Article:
A recent study done by the Technical Assistance Collaborative (TAC) and the Consortium for Citizens with Disabilities (CCD) Housing Task Force, Priced Out in 2010, concludes that the national average rent is more than what is received by people with disabilities on Supplemental Security Income (SSI).
The study, which includes housing data from all 50 states and more than 2,500 housing markets, compared the amount a person with significant and long-term disability receives in the SSI program to the Fair Market Rents provided by the U.S. Department of Housing and Urban Development. TAC and CCD have been producing annual Priced Out studies since 1998. The 2010 results indicated that people utilizing SSI to live are priced out of every market studied. Not only that, but they are living below the national poverty line.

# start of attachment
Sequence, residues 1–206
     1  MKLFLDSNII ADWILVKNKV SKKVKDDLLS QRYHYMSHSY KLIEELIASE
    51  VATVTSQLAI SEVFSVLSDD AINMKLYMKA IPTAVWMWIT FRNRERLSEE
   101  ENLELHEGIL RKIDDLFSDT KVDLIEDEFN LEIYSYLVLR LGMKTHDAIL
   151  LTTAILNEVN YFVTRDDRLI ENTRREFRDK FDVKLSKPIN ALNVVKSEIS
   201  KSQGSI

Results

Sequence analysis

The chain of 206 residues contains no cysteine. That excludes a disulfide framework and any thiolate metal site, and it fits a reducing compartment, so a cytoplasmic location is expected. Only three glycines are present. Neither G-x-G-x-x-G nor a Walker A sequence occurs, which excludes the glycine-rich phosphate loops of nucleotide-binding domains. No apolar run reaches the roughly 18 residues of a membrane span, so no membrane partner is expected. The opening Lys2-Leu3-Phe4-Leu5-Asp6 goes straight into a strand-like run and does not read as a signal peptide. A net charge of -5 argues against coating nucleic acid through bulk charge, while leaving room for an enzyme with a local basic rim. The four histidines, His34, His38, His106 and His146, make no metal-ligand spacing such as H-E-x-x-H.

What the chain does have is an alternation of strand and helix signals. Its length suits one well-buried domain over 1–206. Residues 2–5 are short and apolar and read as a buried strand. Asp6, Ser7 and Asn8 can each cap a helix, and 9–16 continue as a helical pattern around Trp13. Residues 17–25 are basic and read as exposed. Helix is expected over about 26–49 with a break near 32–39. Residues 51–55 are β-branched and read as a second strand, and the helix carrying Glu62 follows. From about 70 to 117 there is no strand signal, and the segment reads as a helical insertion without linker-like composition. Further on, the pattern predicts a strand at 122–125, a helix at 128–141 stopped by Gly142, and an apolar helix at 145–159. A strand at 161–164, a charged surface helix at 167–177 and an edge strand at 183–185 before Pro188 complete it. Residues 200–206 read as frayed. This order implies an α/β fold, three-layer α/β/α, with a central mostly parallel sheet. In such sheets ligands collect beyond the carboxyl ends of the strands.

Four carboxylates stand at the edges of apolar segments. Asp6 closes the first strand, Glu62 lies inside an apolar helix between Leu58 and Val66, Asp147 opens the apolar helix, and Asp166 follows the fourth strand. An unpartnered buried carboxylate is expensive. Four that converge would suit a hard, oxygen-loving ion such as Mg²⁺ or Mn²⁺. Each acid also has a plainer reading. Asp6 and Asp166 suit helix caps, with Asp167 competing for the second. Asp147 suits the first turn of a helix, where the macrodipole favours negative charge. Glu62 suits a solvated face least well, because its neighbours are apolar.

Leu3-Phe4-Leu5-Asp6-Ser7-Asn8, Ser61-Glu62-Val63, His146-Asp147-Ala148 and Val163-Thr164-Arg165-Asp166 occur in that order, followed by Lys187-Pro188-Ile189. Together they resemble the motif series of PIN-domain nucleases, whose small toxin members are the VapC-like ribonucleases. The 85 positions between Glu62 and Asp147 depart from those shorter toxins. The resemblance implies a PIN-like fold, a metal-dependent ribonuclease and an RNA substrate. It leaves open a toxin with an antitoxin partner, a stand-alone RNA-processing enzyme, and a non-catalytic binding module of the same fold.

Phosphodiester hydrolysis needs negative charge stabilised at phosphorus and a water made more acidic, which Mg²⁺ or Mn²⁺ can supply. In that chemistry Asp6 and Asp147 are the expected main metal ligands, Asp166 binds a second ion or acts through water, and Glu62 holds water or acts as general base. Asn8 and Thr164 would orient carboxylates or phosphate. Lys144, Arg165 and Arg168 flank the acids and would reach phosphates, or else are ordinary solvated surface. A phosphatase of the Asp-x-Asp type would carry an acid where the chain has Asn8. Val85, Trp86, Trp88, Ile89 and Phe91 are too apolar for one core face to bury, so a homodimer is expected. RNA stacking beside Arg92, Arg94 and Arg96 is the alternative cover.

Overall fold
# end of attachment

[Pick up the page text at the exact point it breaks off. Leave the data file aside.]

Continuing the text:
“During 2010, the average monthly income of a single person SSI household was only $703, while the average one-bedroom fair market rent (established by the U.S. Department of Housing and Urban Development) was $787,” TAC reports in a recent e-mail distribution.
Priced Out in 2010 also reports that the average SSI income provided to people with disabilities is just 18.7% of the national median income for a one-person household. That number has declined from 24.4% in 1998 while the national average for rent has increased by 50%.
Key findings from Priced Out in 2010 can be found at http://www.tacinc.org/downloads/Priced%20Out%202010/Key%20Findings.pdf
To search for data from your state, go to http://www.tacinc.org/resources/data/pricedout/